"I appeal to you for my child Onesimus, whom I have begotten in my imprisonment, who formerly was useless to you, but now is useful both to you and to me. I have sent him back to you in person, that is, sending my very heart, whom I wished to keep with me, so that on your behalf he might minister to me in my imprisonment for the gospel; but without your consent I did not want to do anything, so that your goodness would not be, in effect, by compulsion but of your own free will. For perhaps he was for this reason separated from you for a while, that you would have him back forever, no longer as a slave, but more than a slave, a beloved brother, especially to me, but how much more to you, both in the flesh and in the Lord." (Philemon 10-16)We don't know much about Onesimus other than his name means "Useful" which helps us to understand Paul's reference to Onesimus being previously useless to Philemon but now useful to himself. We also run across another Onesimus later at Ephesus, whom Ignatius speaks well of when he writes, "I received, therefore, your whole multitude in the name of God, through Onesimus, a man of inexpressible love, and your bishop in the flesh, whom I pray you by Jesus Christ to love, and that you would all seek to be like him." (Ignatius, Letter to the Ephesians, Chapter 1) While there is no direct evidence that this is the same Onesimus from Paul's letter, if he did return to Paul and became part of his team, he could have traveled to Ephesus with Timothy who was there when Paul penned his two letters to him. Also, Onesimus could easily still have been alive when Ignatius met him and reported his commendations of him. The only other thing we know about Onesimus is that he was a slave, and a runaway slave at that.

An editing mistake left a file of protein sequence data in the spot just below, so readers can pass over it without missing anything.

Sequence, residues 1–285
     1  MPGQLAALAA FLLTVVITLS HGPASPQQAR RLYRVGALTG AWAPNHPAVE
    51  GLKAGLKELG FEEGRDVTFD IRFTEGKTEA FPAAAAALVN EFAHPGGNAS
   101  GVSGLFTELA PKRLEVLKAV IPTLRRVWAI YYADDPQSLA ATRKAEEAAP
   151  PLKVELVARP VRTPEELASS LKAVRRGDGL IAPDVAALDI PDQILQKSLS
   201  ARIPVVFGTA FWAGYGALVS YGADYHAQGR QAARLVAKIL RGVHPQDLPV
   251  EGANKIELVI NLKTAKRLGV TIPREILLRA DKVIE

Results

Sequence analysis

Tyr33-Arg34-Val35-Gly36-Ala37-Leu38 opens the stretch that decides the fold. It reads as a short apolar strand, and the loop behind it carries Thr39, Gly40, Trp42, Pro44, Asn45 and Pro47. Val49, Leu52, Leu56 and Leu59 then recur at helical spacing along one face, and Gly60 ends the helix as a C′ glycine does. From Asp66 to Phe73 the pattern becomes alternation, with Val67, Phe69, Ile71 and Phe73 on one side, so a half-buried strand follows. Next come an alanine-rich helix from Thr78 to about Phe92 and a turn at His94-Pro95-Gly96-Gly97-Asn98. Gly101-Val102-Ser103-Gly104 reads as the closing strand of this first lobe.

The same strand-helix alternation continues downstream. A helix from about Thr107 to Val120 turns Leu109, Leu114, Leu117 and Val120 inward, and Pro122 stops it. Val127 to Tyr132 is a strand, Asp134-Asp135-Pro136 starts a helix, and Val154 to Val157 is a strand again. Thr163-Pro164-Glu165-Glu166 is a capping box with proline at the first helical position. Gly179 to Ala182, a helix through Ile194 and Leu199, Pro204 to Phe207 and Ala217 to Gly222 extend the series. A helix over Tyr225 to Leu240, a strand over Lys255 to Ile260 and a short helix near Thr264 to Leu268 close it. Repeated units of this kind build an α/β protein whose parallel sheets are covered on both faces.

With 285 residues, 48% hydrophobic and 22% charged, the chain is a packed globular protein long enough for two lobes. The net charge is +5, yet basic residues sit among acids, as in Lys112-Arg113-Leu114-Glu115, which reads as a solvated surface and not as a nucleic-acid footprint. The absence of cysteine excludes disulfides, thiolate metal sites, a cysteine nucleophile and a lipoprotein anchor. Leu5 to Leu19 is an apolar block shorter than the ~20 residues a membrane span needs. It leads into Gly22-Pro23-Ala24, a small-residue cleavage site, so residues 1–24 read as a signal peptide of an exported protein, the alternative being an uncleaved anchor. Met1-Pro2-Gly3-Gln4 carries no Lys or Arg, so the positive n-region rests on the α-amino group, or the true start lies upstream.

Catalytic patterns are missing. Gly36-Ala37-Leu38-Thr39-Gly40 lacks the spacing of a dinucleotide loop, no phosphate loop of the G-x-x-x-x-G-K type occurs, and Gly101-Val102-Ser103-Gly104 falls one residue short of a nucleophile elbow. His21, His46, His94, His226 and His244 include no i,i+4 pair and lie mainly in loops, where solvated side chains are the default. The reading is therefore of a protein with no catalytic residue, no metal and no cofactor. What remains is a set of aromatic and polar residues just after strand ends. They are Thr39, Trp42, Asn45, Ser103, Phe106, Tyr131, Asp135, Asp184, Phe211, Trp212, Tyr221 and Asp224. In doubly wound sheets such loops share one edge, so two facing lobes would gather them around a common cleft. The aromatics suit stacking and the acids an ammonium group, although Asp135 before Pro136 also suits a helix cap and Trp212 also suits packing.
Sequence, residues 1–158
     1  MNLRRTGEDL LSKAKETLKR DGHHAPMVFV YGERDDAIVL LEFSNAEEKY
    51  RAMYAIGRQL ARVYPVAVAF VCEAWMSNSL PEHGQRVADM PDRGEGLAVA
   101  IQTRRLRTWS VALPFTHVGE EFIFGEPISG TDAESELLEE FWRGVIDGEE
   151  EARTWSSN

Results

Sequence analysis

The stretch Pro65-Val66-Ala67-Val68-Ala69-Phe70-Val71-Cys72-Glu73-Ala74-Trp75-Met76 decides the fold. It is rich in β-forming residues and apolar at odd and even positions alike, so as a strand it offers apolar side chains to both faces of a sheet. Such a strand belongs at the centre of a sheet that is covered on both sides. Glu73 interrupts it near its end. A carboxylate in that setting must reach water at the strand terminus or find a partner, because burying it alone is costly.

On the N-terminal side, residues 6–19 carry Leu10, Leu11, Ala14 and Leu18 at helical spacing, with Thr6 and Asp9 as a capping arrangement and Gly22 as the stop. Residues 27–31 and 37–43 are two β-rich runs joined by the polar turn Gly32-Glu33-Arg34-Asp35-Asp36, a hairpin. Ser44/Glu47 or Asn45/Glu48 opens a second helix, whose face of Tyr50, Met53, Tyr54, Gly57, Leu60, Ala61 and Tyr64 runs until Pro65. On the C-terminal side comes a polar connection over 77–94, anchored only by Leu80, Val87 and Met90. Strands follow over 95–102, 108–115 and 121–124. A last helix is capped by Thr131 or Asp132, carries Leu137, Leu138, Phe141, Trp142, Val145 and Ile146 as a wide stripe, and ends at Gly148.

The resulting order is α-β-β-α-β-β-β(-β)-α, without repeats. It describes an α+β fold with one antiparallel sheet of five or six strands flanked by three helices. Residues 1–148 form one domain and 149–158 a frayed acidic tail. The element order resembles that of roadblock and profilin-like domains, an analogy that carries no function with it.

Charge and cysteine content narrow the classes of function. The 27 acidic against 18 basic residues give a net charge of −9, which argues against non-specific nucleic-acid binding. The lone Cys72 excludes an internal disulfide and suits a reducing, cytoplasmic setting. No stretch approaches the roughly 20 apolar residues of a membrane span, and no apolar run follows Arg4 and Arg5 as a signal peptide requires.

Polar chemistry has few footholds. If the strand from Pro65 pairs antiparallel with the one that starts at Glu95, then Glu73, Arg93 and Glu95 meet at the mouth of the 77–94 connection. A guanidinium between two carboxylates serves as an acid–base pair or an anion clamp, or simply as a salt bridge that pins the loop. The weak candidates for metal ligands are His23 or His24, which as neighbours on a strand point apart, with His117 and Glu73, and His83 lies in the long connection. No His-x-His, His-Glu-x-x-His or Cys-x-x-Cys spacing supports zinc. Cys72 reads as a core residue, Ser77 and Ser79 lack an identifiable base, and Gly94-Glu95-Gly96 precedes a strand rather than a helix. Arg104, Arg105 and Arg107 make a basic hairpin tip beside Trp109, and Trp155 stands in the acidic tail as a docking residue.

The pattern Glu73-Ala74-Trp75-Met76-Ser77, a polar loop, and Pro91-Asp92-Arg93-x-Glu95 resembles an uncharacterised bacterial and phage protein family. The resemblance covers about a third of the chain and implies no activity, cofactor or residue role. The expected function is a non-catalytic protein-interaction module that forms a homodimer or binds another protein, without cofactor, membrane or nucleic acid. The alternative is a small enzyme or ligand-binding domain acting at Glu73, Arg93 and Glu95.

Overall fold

We know a bit more about Philemon. We know he as a believer and dear to Paul. We also know that he hosted the church in his house. He was a man of great faith and love, and that he cared deeply for his brothers and sisters in Christ. He was also a slave owner. It can be hard for us today to imagine a believer owning slaves, yet it was not too long ago, in our own culture, when such things happened and, in the Roman era, slavery was pervasive and common place. In the Roman Empire there were more slaves than freemen, some owning in excess of 20,000 salves each. Some bought their slaves, some inherited them, and some had none, but no one was without exposure to slavery and its effects in their daily lives.
The gospel does not call for the immediate end of slavery nor for the summary release of all slaves, even by believers. That is not to say that the gospel condones slavery or is indifferent to its suffering. Years later it would be those whose minds were transformed by the evangelical word who would fight hard for the abolition of slavery. However, slavery existed and believers were forced to live by faith in a slave society; the gospel compelling them to treat all people as equals, whether slaves or free, and to love one another, whether slaves or free. It was through the gospel that all men were made equal, all being salves of sin, and all being offered freedom through Christ.
It is hard for us to imagine what we would do if we were in Paul's shoes (or sandals) and it may even be tempting to judge Philemon for his possession of slaves, but to do so would be to miss the whole point of this letter. What is of keen interest in this letter to us is the need for our commitment to doing what's right and to upholding a reputation as one who always does what is right. Paul was committed to doing what was right, even if it was contrary to his desires, whats, and wishes. He wished to keep Onesimus with him but his wants had to take second place to what was right and proper. Similarly, he knew he could trust sending Onesimus back to Philemon because Philemon was a good man and one also committed to what was right. Paul had confidence that Philemon would do the right thing. Oh, that the same might be said about us as well.